[Date Prev][Date Next][Thread Prev][Thread Next][Date Index][Thread Index][Subject Index][Author Index]

Re: In defense of paleoart (was: Re: In (premature) defense of the USNM)



> Well, that's the law of the jungle for ya...one way or another, we _are_ a
> product of evolution, so maybe evolution screwed itself over...?

*** Maybe your not really far off the mark.  In the ultimate of ironies, it
may be
through evolution of the most sophisticated mentality ( an upright ape )
that the
planet ultimately brings about it's own annihilation.

Seriously,
> though, how many other species are concerned about conservation on a
global
> scale at all? Many species (elephants, for example) don't seem to care one
> way or another about the havoc they bring to a given ecosystem when, say,
> they mow down a forest.

*** Seriously, if elephants and other vertebrates had the capacity to
understand
what was happening around them globally and the skill and dexterity to do
something about it, I think they'd be actively racing against us in manned
(pachydermed) missions to other planets!

[ I'M GONNA THROW IN A REFERENCE TO "DINOSAURS" MARY,
WAIT FOR IT. . .]

*** Unfortunately, although elephants are fairly intelligent in their own
right,
they still are not capable of achieving self-determination with intent.
Life goes
on, species evolve and go extinct, at times impacting on other members of
the
community, but all that is beyond their ability to reason out and make
choices
about. They are exempt from the folies of their lifestyle, even when it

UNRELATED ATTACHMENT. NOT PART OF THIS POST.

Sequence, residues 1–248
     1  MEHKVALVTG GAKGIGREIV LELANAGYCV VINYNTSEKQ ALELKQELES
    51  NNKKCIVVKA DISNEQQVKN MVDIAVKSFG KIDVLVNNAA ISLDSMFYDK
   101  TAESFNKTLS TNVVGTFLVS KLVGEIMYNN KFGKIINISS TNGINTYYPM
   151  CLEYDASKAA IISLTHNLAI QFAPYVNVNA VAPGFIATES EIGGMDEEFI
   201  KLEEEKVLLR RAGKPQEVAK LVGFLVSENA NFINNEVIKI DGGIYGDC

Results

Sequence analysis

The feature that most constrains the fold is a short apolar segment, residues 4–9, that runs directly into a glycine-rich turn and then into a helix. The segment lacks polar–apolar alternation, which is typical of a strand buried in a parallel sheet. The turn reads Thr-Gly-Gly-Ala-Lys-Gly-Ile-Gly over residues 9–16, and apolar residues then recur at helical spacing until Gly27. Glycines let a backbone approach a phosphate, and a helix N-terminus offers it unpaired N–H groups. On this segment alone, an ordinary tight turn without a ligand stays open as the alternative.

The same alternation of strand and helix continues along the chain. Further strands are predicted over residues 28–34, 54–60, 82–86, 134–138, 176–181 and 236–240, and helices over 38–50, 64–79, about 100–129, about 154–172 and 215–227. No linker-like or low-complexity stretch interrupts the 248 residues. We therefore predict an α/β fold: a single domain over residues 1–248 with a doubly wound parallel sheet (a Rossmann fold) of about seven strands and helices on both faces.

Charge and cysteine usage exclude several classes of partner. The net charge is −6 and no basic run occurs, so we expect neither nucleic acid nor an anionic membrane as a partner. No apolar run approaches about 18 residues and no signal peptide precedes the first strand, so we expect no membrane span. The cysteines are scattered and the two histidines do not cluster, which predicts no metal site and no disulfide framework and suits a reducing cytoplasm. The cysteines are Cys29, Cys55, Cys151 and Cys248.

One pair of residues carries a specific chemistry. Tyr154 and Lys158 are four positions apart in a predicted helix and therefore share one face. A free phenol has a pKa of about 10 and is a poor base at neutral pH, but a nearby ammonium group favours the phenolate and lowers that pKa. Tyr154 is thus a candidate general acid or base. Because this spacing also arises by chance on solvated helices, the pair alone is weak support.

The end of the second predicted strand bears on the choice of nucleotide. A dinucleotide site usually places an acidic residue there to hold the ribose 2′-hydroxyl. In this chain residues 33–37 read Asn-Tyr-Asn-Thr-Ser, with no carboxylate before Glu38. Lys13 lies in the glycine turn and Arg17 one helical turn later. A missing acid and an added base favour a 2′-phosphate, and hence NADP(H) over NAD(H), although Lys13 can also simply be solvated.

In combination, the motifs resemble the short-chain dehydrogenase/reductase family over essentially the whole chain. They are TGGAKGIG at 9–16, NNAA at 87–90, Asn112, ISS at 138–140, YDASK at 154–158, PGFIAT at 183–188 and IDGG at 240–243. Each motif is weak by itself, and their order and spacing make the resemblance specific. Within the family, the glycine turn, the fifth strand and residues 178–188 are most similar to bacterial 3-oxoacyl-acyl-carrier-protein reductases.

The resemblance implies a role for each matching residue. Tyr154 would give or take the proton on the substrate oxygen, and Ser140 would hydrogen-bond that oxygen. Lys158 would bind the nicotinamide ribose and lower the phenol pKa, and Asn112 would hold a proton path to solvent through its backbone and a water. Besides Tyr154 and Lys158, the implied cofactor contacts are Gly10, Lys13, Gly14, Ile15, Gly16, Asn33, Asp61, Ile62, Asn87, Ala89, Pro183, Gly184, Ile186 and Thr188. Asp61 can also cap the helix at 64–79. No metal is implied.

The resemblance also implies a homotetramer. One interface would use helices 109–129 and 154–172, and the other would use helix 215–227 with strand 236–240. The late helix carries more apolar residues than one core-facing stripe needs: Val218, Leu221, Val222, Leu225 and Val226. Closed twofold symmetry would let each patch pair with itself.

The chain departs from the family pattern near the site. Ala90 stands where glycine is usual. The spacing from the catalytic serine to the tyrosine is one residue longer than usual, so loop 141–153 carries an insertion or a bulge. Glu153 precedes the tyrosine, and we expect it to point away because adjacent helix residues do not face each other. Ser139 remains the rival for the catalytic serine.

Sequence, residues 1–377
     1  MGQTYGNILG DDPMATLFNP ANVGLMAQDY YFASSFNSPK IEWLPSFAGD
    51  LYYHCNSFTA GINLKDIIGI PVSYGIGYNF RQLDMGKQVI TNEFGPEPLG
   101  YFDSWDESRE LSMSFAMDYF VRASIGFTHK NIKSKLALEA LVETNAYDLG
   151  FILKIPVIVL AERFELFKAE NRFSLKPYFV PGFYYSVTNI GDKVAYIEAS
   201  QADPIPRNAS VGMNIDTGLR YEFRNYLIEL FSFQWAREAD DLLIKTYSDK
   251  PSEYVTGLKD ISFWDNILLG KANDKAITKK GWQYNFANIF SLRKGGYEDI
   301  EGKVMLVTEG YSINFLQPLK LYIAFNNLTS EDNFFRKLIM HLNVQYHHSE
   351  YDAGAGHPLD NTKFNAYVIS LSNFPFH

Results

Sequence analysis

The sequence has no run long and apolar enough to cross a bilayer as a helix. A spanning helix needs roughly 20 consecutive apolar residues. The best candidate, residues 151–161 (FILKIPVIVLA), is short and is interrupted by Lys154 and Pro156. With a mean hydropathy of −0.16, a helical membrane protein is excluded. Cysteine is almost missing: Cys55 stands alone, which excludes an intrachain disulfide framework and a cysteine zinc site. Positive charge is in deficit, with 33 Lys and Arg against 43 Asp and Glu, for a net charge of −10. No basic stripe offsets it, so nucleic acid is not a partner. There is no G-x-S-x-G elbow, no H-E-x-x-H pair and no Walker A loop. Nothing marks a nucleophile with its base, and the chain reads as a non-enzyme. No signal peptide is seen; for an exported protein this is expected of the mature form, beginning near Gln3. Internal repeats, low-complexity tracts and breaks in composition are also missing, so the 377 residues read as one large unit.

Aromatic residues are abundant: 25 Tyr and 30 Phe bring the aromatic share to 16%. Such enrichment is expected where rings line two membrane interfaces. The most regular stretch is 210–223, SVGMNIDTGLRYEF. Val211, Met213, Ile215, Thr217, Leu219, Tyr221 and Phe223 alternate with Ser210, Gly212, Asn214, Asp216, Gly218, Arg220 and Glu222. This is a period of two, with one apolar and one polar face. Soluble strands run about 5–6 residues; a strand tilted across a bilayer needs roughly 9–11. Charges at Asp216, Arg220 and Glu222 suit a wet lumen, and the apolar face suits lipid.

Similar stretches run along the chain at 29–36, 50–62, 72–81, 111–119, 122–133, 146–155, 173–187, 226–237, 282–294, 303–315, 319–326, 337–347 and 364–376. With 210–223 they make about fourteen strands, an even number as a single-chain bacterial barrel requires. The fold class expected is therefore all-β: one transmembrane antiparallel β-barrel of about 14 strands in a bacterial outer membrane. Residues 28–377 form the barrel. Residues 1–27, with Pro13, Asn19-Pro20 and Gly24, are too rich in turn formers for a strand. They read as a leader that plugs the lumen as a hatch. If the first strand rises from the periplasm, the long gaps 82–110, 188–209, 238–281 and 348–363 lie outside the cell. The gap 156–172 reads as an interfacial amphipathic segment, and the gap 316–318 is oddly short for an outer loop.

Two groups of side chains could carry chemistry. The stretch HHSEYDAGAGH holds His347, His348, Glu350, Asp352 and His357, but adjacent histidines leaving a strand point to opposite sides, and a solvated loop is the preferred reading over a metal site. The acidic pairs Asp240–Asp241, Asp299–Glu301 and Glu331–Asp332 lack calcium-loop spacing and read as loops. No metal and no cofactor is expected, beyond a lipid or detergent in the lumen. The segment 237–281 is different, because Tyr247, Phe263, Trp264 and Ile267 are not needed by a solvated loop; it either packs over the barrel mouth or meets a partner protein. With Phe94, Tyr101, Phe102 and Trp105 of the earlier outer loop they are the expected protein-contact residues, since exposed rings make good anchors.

reeks havoc
upon the environment they live in, because that is all a part of the process
of natural
history. We are the aberrant form, because we could selectively choose to
have a
much less invasive impact upon the world around us and yet elect to alter
the
landscape to the detriment of not only all other creatures inhabiting the
planet,
but ourselves as well.  How many elephants would it take to mutilate the
earth's
surface in the manner mankind has managed since we cultivated our talent for
the building of "civilization".

 We might be masters of exploitation, but we are also
> probably the most farsighted in terms of conservation as well...ah, the
hell
> that is self-awareness...

*** That falls under the category marked "Too little, too late."  While
their are a
minority of the populace concerned with protecting what resources we have
left
and acting as advocates for those "lesser" creatures incapable of informed
speech,
the current state of the planet and the direction in which it is heading,
usually falls
upon deaf ears. Maybe the problem is we direct too much of our own
intellectual
prowess in self admiration. . . patting ourselves on the back for a job well
done. . .
and because any of the rest of our co-inhabitants are both unable and
unwilling to
do so for us. . . We, as the culmination of vertebrate evolution on this
planet, at this
particular point in time, are capable of so much more. . . and yet popular
culture
still refers to dinosaurs as "slow and stupid". . . :o)

Cheers,

Mike Skrepnick


> -Chris Srnka
>